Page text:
Sadly, the Public Workers Union (PWU), which represents most of the healthcare providers on island was not present, but I did not then, nor do I now, take offence. Instead, I publicly offer another opportunity to have such discourse with the TUC at a time convenient to them. It would afford us an opportunity to update them on the developments since last we met and also allow for the PWU to participate in such dialogue. When it comes to healthcare, the discourse goes way beyond an employer-employee dialogue. We on our own, cannot solve all the issues relevant to the citizens of Grenada.
I admire the passion with which our health workers set about their jobs, especially today; I just believe that that passion is misdirected. Let us collectively and passionately, discuss patient care. In particular, let us discuss what some of our patients are saying about us, that in some instances is even more offensive. Let us discuss how we are going to explain to the individual yesterday that he waited 2 hours in pain for an ambulance because of statements made 2,000 miles away, last week. Let us look him in the eye and see what comfort it brings him.
I invite you to join me on that journey. I invite you to join me on the never-ending journey of seeking better healthcare for our citizens. I invite you to join me as I introduce to the team at the General Hospital, our new Director of Hospital Services, Dr Carol McIntosh; an obstetrician/gynaecologist, a Grenadian, in fact, a Carriacouan, who has chosen to return and serve to improve patient care.
Let us talk scholarships and training and better working conditions for you and the people of Grenada. Let us talk about healthcare and in particular, patient care. If we adopt the attitude that every time we discuss healthcare in a public forum, and if perchance, something is said in that forum that we disagree with or find offensive, that we will “down tools” so to speak or to quote the new phrase, take a “stress break” where will we go? Nowhere and nowhere fast, and who will suffer? Our patients.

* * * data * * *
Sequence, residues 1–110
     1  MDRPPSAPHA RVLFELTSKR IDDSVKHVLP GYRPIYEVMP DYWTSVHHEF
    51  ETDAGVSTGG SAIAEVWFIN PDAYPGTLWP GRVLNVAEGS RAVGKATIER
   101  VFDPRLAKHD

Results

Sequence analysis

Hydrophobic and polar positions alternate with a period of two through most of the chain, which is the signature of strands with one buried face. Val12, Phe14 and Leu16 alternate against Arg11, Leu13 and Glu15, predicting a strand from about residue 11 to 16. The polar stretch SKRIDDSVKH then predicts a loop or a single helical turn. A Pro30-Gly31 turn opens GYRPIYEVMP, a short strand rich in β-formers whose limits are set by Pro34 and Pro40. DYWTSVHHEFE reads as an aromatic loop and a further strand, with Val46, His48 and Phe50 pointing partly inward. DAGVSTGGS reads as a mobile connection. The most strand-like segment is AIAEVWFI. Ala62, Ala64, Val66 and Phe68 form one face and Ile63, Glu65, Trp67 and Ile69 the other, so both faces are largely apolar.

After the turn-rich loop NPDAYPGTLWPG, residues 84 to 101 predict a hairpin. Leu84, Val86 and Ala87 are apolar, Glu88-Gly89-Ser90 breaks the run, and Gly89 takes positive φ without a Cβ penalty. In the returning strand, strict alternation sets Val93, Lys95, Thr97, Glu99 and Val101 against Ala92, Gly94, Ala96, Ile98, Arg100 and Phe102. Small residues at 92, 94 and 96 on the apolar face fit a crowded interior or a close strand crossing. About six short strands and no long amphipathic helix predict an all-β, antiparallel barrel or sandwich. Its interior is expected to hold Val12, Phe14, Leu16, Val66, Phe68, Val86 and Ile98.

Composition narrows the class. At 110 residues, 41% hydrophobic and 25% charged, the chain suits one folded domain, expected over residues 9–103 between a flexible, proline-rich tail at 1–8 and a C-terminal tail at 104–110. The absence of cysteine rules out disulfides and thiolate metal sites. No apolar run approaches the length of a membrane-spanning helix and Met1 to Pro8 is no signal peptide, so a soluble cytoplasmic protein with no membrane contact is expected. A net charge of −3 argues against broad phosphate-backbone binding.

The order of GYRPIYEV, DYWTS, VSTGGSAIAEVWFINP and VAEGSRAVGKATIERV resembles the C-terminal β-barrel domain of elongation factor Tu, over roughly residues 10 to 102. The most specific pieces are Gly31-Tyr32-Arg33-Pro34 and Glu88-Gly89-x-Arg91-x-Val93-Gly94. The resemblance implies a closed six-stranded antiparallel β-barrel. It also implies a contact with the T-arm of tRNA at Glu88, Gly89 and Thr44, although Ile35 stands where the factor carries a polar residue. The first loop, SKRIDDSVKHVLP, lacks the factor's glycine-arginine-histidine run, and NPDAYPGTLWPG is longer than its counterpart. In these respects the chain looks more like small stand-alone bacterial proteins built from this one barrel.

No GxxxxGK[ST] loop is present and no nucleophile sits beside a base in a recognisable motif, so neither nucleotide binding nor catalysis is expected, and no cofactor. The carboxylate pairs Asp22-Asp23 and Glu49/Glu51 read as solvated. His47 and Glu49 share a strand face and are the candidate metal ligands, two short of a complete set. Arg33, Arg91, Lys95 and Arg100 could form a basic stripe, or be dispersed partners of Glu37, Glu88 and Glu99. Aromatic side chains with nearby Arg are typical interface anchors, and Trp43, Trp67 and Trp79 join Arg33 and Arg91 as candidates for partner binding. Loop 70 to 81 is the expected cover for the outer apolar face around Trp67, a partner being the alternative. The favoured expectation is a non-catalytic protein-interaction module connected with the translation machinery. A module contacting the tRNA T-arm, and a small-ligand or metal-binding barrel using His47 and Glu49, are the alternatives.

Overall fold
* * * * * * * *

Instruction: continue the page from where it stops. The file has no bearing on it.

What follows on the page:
Let us move forward together for better healthcare, better patient care and a better Grenada.
This is not about you but what the PM said, he should not of used those words in the first place. The problem it was said in another country and that is offensive to the people of the country. No other PM would say such disgusting words about their citizens not even in private. So do not make it about how you feel when you are ignored in public. The Grenadian government is a disgrace, whether it is true or not.
Next point , no one ask you to be a public figure or to be a politician, that was your decision and you put yourself there in public so you have to take whatever is said and deal with. So are all politicians through the world . You are not there for phrase you are there to represent you people by your choice. Do the job you are paid to do properly and not expect any thing otherwise. Call The PM complain not try to accept his behaviour as a representative of his country.
Yes Minister, The Grenadian public hear you loud and clear. But, we cannot keep on brushing these issue under the carpet. At some point in time there will be no more room left under the said carpet. resulting in this “dirt” spilling out into the public domain. It is unfortunate that the innocent falls under this broad umbrella. Not wanting this to be the straw that brakes the camel’s back, but should be looked upon as an opportunity to implement good policy and practices going forward.
On the issue of “the nations health”. what success can you attribute to the current administration in improving “the nations health” given the number of years in the driving seat..just the application of sticky plasters to a festering wound..